Sarah’s Real World Example: At my local chapter, we work with the faculty while they’re creating the orientation schedule for the first years. They allow us an hour of time to come in and talk to the new students (while they’re all in one place), answer their questions, and invite them to the first SAA meeting. Then, we designate our first SAA Chapter meeting as a social meeting. The new students already recognize some faces from orientation, and they have the opportunity to mingle with other members as well.

Mutually Beneficial Relationship

It’s important to remember that being a member of a local SAA chapter is beneficial and valuable. It gives students the opportunity to participate in humanitarian efforts, advocate for their profession, and ultimately bulk up their curriculum vitae and resume with relevant, audiology-related experiences. Therefore, it is okay to require participation in x number of programs. Especially if participation in events is low, consider amending chapter bylaws to require a minimum number of events attended for maintaining membership. This will not only increase participation, but in turn create a sense of value in the SAA experience.

Think Outside of the Box

While the primary theme of SAA events are undeniably audiology related, don’t be afraid to try something new as well. There may be alternative options for fundraising or social events that require less effort and planning.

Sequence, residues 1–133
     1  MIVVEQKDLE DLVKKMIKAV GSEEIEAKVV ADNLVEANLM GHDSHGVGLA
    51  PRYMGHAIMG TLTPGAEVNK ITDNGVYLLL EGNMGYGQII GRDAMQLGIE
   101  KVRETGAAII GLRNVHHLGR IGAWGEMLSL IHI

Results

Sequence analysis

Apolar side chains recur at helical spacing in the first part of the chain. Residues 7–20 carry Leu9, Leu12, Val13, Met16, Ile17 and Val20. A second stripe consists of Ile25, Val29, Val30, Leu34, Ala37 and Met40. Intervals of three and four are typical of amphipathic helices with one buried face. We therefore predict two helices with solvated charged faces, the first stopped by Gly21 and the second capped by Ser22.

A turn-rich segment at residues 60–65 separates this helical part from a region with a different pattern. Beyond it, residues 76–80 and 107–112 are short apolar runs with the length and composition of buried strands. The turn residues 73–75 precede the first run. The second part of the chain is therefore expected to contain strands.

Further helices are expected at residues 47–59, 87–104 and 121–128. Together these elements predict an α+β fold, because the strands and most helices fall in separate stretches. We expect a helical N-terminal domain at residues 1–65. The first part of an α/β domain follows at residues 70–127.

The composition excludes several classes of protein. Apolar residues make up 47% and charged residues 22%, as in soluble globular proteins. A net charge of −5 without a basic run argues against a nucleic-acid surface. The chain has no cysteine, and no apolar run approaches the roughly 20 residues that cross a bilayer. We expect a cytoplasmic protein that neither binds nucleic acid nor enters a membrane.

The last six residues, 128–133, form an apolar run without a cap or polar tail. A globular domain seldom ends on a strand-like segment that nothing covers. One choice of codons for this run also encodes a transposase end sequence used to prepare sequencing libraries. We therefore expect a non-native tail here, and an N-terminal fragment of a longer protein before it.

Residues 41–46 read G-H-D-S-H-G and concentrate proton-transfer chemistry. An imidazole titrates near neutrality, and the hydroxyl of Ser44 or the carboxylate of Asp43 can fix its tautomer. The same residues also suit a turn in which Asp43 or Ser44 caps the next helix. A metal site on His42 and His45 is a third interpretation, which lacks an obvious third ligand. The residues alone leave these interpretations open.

Josh’s Real World Example: At my local chapter, we contacted a local brewery and asked if we could pack the bar on the Friday night, would they be willing to give us a portion of the proceeds to help support other events we held throughout the course of the year? The local brewery was thrilled, as this offering would be mutually beneficial for all involved. They ended up giving us 25% of the total sales earned for that night and we PACKED the place. In fact, it was the busiest Friday night they'd ever had! Not only did we help increase awareness about their product, but we also brought a ton of business in the process. Students are likely going to get together and enjoy one another's company on the weekend anyways, why not do it together and help raise money for your local SAA Chapter in the process?

Use Your Resources

Never forget that we on the national SAA Board of Directors are always available to you as a resource or a sounding-board. If you feel as though your SAA Chapter is struggling with membership engagement and you want to have a conversation, please do not hesitate to reach out- you can find our contact information on the SAA webpage or you can reach out to your regional liaison.

Sarah Blue is a new graduate, completing her degree at the Northeast Ohio AuD Consortium (NOAC) this past May 2017. She completed her fourth year externship at the Cleveland Clinic in Cleveland, Ohio. She has been an active member of both her own local SAA chapter at NOAC (holding positions including first year representative, national liaison, and president) and national SAA (national Board of Directors from 2015-2017).

Joshua Huppert,  SAA President, is currently a 3rd-year (of 3 years total) AuD graduate student at Pacific University in Oregon. His audiological interests include pediatric vestibular, advanced electrophysiology, and fitting bone-anchored hearing system technologies, particularly for patients with congenital ear anomalies. Joshua is completing his final-year clinical externship at Nemours/A.I. duPont's Hospital for Children in Wilmington, DE.